The forever family of four live in San Antonio, Texas and would love to connect with other families like theirs.

Congratulations to dads Matt and Ian on the birth of their son Rocco!

Denver couple Matt and Ian had been dreaming of the day when they'd become dads. The husbands have been together going on 8 years, married for 5, and had picked out their son's name even before they were married.

"The journey to fatherhood has been a long and emotional one," shared Matt. "After our first fertility clinic placed roadblocks in front of us for almost two years, we changed to a new once and suddenly found ourselves on a pace far quicker towards fatherhood. We engaged a surrogacy agency to find our gestational carrier after two attempts to do it ourselves, and ended up with someone who was so far and beyond what we ever could have imagined, we cannot imagine the journey without her. We call her our angel not just because of her selfless act but for her guidance along the way as a mother herself."

From their first 13 embryos, one little one tried to hang on but didn't quite make it to the end. After several years of trying up, they decided to give it one more go and were able to produce 6 eggs, one of which resulted very quickly into a multiplying, healthy and genetically viable embryo - the last of 19 attempts. "The day we found out that our little bundle of cells had matured, we unexpectedly lost my Grandfather on the same day – a stark reminder of the cycle that is life. We gave our son the middle name of Keen as it was one of my late grandfather's signature words to use. 'Oh, that's so keen...' is a phrase I can still hear him saying to me as a child."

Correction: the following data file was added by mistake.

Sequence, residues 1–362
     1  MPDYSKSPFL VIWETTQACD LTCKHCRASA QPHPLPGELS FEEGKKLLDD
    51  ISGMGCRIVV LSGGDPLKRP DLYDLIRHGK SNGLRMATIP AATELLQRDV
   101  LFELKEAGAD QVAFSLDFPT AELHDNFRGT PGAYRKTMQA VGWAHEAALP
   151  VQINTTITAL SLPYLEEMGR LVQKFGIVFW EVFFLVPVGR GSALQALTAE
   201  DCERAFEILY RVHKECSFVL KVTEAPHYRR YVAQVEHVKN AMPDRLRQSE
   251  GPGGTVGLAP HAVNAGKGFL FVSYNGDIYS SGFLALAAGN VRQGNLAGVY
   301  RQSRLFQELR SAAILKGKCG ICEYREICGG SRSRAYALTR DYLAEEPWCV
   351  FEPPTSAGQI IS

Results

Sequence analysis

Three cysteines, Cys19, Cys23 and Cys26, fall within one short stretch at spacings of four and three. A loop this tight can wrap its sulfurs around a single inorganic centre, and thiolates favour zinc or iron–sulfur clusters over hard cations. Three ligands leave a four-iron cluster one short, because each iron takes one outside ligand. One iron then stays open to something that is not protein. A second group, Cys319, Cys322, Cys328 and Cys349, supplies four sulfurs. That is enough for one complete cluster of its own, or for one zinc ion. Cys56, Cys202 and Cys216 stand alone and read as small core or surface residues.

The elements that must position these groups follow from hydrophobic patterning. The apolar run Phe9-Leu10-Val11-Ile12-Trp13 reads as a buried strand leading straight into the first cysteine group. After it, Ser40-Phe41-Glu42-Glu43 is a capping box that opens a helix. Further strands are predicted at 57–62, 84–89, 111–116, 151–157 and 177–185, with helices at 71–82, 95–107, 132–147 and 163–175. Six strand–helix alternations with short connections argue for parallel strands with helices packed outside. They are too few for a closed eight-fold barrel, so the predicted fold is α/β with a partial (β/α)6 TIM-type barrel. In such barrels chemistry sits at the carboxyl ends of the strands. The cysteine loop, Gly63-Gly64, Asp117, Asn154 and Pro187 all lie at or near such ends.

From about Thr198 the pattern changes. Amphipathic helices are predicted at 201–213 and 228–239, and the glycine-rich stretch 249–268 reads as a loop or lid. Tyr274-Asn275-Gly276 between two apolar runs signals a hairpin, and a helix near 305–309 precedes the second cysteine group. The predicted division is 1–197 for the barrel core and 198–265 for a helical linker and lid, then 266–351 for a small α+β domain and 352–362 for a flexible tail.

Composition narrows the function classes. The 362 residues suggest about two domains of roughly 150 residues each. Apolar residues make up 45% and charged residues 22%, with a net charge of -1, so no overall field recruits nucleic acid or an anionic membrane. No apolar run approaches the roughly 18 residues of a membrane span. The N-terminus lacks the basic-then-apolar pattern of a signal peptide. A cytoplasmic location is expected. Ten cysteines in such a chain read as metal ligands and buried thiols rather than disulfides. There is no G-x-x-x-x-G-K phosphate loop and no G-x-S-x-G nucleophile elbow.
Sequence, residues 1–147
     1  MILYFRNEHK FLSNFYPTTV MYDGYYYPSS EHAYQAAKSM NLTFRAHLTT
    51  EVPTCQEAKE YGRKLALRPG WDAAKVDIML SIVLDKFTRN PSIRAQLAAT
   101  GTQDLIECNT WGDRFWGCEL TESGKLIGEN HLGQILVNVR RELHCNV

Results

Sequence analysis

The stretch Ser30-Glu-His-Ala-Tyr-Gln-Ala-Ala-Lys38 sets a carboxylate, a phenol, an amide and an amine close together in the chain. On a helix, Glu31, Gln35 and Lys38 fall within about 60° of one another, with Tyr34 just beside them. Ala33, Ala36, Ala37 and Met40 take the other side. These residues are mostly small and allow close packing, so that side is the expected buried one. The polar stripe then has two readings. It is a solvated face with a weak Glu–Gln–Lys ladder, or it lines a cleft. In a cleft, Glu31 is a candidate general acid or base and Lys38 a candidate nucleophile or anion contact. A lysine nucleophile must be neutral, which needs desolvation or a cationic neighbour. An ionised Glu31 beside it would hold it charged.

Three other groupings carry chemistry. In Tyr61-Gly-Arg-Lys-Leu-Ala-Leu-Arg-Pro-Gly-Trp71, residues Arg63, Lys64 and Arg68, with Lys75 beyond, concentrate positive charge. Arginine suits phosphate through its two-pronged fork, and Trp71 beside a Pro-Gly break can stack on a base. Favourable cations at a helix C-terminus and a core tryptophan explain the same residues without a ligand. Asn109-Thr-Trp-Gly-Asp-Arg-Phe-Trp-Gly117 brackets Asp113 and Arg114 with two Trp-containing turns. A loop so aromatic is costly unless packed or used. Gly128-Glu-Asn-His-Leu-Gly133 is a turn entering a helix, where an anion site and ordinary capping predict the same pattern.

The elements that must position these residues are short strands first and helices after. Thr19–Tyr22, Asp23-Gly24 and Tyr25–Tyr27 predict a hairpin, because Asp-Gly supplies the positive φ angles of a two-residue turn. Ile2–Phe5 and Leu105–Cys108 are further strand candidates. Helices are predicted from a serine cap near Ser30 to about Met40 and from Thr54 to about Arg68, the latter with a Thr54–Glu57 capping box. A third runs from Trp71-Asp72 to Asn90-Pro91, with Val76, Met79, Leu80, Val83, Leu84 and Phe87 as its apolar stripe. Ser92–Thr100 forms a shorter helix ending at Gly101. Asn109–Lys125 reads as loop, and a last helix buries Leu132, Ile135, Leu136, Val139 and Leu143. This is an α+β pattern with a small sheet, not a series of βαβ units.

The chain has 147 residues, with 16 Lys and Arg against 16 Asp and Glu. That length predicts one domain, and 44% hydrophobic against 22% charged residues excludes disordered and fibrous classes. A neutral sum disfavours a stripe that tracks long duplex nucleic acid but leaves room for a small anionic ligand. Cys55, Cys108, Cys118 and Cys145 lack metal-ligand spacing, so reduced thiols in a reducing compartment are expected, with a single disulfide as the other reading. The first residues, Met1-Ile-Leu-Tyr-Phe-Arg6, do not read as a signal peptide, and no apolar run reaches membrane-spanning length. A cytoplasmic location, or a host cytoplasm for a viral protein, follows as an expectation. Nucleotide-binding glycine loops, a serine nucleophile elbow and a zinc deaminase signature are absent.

On July 26, the dads welcomed their son Rocco! "We are blessed now with a sleeping, funny, expressive and engaged little spirit in our lives. The process was tough, emotional and downright exhausting. The moment he showed up though, let out a scream then looked at his with his funny little furled brow, every single appointment, lost night's sleep, worry and tear was collectively worth it. We are Dads … and that is simply the greatest thing we have ever been."

Congratulations to Travis and Jay on finalizing the adoption of their son Kathan!

Travis and his husband Jay began their path to fatherhood a little over three years ago when they began the certification process to adoption through the foster care system. "After a little over a year and a half in the making we got the call on June 3rd 2018 at 11:30am. That day changed our lives in so many beautiful ways," said Travis.

At just 4 days old, the dads brought their son Kathan home, and 16 months later, they celebrated his adoption being finalized. "It felt like we had been set free as a family for the first time."